Millions of Americans collecting Social Security and Supplemental Security Income (SSI) will get a 5.9% bump in 2022, the highest inflation adjustment in 40 years.

The 5.9% COLA will be effective with benefits payable in January to more than 64 million Social Security beneficiaries. Also, the increased payments to more than eight million SSI beneficiaries will begin on December 30, the release said, noting that some people receive both Social Security and SSI benefits.

The annual increase is tied to the Consumer Price Index as determined by the Department of Labor’s Bureau of Labor Statistics, and some other adjustments that take effect in January of each year are based on the increase in average wages.

Based on that increase, the maximum amount of earnings subject to the Social Security tax (taxable maximum) will increase to $147,000, a release from the Social Security Administration said. That is up from $142,800.

For workers younger than the full retirement age of 66 or 67 (depending on their birth year), the release noted that their earnings limit will increase to $19,560. And people reaching their full retirement age in 2022 will see their earnings limit increase to $51,960. The release added that there is no limit on earnings for workers who are at full retirement age or older for the entire year.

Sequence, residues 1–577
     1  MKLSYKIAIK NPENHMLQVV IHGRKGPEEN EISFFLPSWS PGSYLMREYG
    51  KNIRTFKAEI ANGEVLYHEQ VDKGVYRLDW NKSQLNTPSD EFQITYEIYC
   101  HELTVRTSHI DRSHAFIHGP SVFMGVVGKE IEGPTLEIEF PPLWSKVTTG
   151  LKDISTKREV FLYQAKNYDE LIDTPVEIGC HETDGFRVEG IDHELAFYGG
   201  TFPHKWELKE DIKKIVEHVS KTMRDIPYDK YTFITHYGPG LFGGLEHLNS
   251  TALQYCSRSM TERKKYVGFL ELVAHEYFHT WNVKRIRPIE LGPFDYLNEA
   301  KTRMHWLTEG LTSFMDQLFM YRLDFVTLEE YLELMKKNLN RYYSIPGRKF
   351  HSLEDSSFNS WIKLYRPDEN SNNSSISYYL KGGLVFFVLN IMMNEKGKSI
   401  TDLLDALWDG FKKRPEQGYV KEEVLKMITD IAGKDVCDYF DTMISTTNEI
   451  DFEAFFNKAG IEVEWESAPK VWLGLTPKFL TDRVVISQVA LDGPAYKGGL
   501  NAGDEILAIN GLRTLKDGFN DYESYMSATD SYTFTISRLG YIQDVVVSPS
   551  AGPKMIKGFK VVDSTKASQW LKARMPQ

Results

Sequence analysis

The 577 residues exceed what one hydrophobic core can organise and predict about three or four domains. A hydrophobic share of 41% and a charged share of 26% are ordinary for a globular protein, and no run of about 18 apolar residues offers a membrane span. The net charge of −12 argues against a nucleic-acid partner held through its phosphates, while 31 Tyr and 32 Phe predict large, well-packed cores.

“This would be the highest COLA that most beneficiaries living today have ever seen,” said Mary Johnson, Social Security and Medicare policy analyst for The Senior Citizens League. Johnson noted that COLA has averaged 1.4% over the past 12 years. The COLA in 2021 was 1.3% and raised average benefits by about $20, she said. The 2022 COLA, she said, will increase an average monthly retirement benefit of $1,565 to roughly $1,657, an increase of $92.

But Johnson said while the increase is welcome, Social Security recipients are still feeling the effects from rampant inflation because COLAs have not kept pace with some of the fastest growing costs of older households. “Over the past 21 years, COLAs have raised Social Security benefits by 55% but housing category costs rose nearly 118% and healthcare costs rose 145% over the same period,” Johnson said, noting that these are two categories that are not adequately accounted for in the COLA.

She said with the higher COLA alone, many seniors will not be able to catch up. “COLAs are intended to protect the buying power of Social Security benefits, but, according to consumer price data through July of 2021, Social Security benefits have lost nearly one-third of their buying power, (32%), since 2000, about the length of a typical retirement,” she said.

“Even worse, it appears that inflation is not done with us yet, and the buying power of Social Security benefits may continue to erode into 2022,” Johnson added. Inflation is expected to continue well into next year.

The Consumer Price Index, released today by the Labor Department, shows a slight increase in inflation in September, as food and energy prices rose. The CPI for all items rose 0.4% for the month and on a year-over-year basis, prices increased 5.4%. However, excluding volatile food and energy prices, the CPI rose 0.2% on the month and 4% from a year earlier.

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